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Laminate vs Hardwood: A Comprehensive Guide to Choosing the Right Flooring
“Should I install wood or laminate flooring?” If you’ve asked yourself this question, you’re not alone. Many homeowners, including those preparing to put their homes on the market, wonder about the pros and cons of laminate vs hardwood flooring. After all, the one you decide on can have a significant impact on your home’s decor — and your wallet…
To help you choose between the two materials, we’ve laid out the advantages and disadvantages of both.
What’s the difference between laminate and hardwood?
Hardwood flooring is made from natural wood like oak, maple or cherry. The highest quality hardwood planks are solid pieces of wood. Another option is engineered hardwood, which is made up of several layers of plywood topped with a hardwood veneer.
Both natural and engineered hardwood come in a variety of colors, styles, and wood grain patterns. Versatility is one reason why wood flooring has been so consistently popular over the years.
What about laminate? Many people mistake it for vinyl flooring, which can look similar and is also a synthetic material. But vinyl is made out of layers of fiberglass, PVC, and plasticizer. Laminate, on the other hand, is made up of layers of particleboard, an image layer that can mimic hardwood, stone or other materials, and a transparent protective layer over the top.
Laminate vs Hardwood: how do the pros and cons stack up?
|Laminate flooring||Hardwood flooring|
|More affordable||Wider appeal|
|Easy installation||Longer lifespan|
|Lots of style options||High quality|
|Easy to maintain||Increases resale value|
|Resistant to scratching & moisture||Easy to repair when damaged|
|Shorter lifespan||More expensive|
|Difficult to repair||Requires professional installation|
|Wood grain can look inauthentic||Susceptible to moisture & scratching|
The pros and cons of laminate vs hardwood flooring
As with any type of flooring — for example, vinyl, carpet or tile — wood and laminate floors have their advantages and disadvantages. Let’s take a closer look.
It’s no surprise that laminate is the cheaper of the two options. Installation included, its cost is usually between $2-8 per square foot (with some thicker, designer options ranging from $12-14).
How much more expensive is hardwood than laminate? Depending on the type of wood you choose, you can expect to pay anywhere from $12-20 per square foot. Of course, higher-end styles come with a higher price tag.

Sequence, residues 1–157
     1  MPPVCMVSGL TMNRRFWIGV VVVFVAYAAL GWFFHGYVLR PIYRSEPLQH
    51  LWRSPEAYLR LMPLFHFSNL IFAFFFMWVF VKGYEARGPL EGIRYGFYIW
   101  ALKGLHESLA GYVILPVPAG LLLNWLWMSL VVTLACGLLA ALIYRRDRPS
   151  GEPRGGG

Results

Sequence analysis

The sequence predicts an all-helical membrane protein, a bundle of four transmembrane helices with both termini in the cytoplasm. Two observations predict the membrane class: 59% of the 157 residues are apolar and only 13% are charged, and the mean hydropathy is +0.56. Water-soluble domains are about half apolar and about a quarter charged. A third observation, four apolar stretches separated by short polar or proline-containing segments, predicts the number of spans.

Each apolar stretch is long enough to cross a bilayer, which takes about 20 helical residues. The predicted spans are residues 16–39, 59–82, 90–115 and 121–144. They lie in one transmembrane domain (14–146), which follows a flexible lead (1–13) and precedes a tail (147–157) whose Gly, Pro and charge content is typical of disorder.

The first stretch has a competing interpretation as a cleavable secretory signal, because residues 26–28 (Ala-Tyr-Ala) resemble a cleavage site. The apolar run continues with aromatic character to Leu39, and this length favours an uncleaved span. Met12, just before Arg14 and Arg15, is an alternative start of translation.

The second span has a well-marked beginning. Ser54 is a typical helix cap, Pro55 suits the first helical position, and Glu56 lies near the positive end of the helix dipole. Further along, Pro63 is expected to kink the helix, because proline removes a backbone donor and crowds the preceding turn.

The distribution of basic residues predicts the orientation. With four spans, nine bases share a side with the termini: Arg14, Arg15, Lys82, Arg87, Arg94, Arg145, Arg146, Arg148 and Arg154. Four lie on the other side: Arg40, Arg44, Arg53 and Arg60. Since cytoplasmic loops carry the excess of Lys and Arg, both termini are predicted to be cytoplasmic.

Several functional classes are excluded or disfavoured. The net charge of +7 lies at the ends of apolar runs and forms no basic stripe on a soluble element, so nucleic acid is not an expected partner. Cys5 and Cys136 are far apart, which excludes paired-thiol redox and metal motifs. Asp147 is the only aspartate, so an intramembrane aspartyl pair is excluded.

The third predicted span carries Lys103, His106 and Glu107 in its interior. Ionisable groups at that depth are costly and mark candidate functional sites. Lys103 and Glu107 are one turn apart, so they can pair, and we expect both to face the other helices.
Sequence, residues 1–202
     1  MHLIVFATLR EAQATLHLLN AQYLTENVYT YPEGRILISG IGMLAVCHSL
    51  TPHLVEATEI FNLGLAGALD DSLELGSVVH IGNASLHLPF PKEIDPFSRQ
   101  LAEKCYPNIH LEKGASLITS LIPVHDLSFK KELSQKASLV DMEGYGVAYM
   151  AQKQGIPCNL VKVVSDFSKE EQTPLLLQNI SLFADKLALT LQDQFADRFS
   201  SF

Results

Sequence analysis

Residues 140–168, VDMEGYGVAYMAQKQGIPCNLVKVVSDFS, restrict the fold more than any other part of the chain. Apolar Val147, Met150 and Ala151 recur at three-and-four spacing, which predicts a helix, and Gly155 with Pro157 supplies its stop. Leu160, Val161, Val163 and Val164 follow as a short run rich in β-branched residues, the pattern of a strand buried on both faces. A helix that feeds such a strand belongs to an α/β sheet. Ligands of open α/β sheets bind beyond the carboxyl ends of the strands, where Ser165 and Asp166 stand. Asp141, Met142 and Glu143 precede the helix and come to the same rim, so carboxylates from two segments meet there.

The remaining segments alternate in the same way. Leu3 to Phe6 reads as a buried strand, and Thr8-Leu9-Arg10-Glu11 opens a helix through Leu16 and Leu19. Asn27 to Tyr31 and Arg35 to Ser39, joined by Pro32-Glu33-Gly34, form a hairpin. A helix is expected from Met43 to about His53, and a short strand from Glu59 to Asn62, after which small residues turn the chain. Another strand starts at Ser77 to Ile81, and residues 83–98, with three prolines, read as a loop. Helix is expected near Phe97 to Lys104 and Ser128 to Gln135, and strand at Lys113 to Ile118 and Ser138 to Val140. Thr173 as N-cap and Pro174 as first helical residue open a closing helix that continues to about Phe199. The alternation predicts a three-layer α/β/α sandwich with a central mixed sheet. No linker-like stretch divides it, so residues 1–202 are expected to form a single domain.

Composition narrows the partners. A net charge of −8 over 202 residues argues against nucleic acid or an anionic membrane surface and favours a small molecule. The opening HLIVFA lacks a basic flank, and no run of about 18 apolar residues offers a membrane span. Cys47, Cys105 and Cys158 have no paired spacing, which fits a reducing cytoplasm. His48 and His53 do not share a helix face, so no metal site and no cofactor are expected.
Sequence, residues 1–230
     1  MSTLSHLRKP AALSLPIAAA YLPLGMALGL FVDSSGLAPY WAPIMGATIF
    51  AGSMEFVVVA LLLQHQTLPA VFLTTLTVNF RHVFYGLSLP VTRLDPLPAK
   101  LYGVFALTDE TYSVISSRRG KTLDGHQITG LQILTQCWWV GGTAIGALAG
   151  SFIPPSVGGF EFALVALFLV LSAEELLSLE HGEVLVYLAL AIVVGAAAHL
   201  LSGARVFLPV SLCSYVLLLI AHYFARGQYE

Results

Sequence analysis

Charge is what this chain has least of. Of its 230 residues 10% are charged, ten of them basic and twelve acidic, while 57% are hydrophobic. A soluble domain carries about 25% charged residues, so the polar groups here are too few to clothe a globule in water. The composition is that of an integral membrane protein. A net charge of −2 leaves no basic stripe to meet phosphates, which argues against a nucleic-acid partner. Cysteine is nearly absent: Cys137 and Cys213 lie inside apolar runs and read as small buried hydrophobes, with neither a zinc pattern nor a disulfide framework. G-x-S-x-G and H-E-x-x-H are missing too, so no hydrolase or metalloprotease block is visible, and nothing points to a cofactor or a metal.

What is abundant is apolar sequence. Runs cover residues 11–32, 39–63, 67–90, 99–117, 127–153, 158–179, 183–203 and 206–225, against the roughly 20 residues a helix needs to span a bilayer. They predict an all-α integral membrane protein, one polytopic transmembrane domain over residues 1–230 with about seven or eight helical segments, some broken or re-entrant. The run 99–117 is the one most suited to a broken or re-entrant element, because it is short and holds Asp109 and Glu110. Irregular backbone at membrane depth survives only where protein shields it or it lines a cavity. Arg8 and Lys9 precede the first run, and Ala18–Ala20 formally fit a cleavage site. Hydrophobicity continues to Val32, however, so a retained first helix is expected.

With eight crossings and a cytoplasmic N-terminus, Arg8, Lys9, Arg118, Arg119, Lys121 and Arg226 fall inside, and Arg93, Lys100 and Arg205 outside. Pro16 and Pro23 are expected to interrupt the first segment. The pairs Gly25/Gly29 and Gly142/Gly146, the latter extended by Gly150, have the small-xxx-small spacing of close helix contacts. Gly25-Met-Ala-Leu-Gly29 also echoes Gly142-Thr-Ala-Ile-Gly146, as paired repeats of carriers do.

To put this in perspective, take a decent-sized living room for example. While it’d cost you $3,600-6,000 for 300 square feet of hardwood, it would only cost $600-2,400 for the same amount of laminate flooring. So, if upfront costs are the only concern, laminate flooring may be a better choice.
Ease of Installation
When it comes to the installation of these two materials, is there a clear winner in the laminate vs hardwood debate? There is indeed!
Hardwood, while many consider it to be worth the cost, is more challenging to install than laminate. It requires:
- An even, wood subfloor
- Perfectly-sized planks
- Specialized tools to fasten planks in place
- A sufficient gap around the floor’s perimeter to allow the wood to expand and contract naturally
Not to mention that, if your wood is unfinished, it would need to be professionally sanded and finished after installation.
Installing hardwood is not a job for a DIYer. But installing a laminate floor can be since the planks simply click together at the edges without the need for glue or nails. There are some requirements though, including a circular saw, the skill to cut the planks down to size, and a thin layer of foam underlayment.
It’s not hard to see why hardwood is such a popular, timeless choice for flooring. The many colors and unique grains of natural wood create a high-end feel that’s attractive to homeowners and home buyers for homes of all sizes and price points. But can laminate compete?
While older and lower-quality laminate doesn’t look very realistic, high-quality, modern, laminate wood flooring can mimic real wood very closely. It can be textured to resemble the look of actual wood. And the grains can also look more natural and less uniform thanks to random repeat patterns in the image layer.